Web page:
A Career As A Phlebotomy Technician
A phlebotomy technician is a person trained in extracting blood from a human or animal. Phlebotomy certification takes six months in most states if you are a full time employee working under a certified phlebotomist. If you do not have field experience but have completed a training course that takes approximately four months, you must have 200 hours of experience and 100 successful blood draws. However, certification requirements vary from state to state so you need to check to see if your state has a different requirement. Some states require an exam to be passed.
Responsibilities of a phlebotomist include: Prepping the patient for the blood draw, ensuring sterility of instruments and equipment, following the facilities procedure for making sure that blood is collected from the right person, and doing proper documentation and labeling.
Phlebotomists work in a laboratory, doctor’s office, or hospital setting. The job may require cleaning up potentially hazardous spills safely. Most facilities now use computers to track patient records and test results. Some training on computers and programs may be required as part of your on-the-job experience. A background in data entry, reports, and updating medical records would be beneficial. It is also recommended that an internship be done during training to help acquire a job.
It is necessary to be able to handle blood and bodily fluids without getting squeamish. A good phlebotomy technician is someone who is personable and has good interpersonal communication skills.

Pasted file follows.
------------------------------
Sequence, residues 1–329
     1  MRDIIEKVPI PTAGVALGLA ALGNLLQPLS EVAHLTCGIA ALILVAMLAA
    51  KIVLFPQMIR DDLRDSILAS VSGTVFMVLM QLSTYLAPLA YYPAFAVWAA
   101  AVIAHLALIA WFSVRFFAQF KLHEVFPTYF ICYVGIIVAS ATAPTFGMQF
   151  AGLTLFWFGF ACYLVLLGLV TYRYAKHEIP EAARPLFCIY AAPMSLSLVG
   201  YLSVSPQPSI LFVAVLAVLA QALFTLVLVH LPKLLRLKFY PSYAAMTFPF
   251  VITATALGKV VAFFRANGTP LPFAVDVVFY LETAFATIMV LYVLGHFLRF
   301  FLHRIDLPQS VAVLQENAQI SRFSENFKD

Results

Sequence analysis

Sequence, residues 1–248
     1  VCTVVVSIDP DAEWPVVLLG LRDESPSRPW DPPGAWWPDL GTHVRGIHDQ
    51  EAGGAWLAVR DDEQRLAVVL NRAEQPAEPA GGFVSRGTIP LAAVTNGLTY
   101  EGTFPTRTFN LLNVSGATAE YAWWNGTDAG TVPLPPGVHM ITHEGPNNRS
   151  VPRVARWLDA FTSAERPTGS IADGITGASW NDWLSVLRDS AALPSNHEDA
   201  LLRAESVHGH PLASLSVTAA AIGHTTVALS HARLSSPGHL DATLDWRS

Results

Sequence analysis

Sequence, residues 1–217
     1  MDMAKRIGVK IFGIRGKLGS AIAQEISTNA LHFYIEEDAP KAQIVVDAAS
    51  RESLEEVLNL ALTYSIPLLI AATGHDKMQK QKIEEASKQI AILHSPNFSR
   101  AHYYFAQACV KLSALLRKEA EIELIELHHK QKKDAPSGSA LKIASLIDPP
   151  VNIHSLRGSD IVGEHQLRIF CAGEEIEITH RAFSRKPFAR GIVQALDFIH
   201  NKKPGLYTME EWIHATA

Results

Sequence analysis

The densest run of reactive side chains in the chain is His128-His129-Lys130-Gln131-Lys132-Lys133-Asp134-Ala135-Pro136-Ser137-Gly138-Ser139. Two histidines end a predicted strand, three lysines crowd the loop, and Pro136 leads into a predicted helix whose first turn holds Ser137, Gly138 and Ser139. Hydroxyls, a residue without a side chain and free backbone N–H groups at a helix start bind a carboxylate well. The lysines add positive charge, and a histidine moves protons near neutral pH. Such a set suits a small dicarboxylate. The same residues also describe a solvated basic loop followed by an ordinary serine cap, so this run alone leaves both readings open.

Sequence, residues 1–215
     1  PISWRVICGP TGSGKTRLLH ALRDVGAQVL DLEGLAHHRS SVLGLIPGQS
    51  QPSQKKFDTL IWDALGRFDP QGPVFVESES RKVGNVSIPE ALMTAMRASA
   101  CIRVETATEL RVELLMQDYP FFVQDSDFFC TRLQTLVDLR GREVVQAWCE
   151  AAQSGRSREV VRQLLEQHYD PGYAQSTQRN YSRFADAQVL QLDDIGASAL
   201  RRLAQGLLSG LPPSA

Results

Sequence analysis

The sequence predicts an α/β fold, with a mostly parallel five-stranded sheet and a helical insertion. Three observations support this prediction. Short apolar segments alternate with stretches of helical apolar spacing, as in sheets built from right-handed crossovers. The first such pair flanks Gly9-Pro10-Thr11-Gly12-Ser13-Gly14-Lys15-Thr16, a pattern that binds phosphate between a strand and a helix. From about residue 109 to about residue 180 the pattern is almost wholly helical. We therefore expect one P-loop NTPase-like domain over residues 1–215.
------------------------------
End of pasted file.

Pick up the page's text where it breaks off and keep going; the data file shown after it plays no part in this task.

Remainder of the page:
A specialist with a bachelor’s degree in blood bank technology and advanced training can have a starting salary of $40,000 a year. The three E’s that determine the salary are your level of education, experience and employer. Technicians get between $18,720 and $25,168. On average, a supervisor earns an annual salary of $33,488. Benefits also vary by employer.
In some facilities and hospitals, technicians can advance in their career. There might be several levels of pay and responsibility. Often a phlebotomy technician will work for a few years then go back to school. They then pursue a degree in medical laboratory technology or another branch in laboratory medicine. If you work in a blood bank you can go back to school and become a specialist in blood bank technology.
Phlebotomy technician jobs are expected to rise 14 percent by 2018. Jobs in related fields are also expected to rise due to the rising number of citizens 65 and older.
Venipuncture is a term that a phlebotomist will hear all the time. It refers to creating an exit for blood with a needle. Venipuncture with a vacuum tube is usually used in venipuncture testing. A butterfly needle is used with patients with small veins, usually children. The plastic wings on either side of the needle hold it in place, a good thing for squirmy children. A heelstick is a procedure for infants under six months.
There are many accredited universities all around America where you can get the training you need to become a phlebotomy technician. Some states that have accredited schools are: Arkansas, California, Colorado, Florida, Georgia, Hawaii, Illinois, Indiana, Iowa, Louisiana, Maryland, Michigan, Minnesota, Mississippi, Missouri, Nevada, New Jersey, New York, North Carolina, North Dakota, Ohio, Oklahoma, Pennsylvania, Tennessee, Texas, and Wisconsin.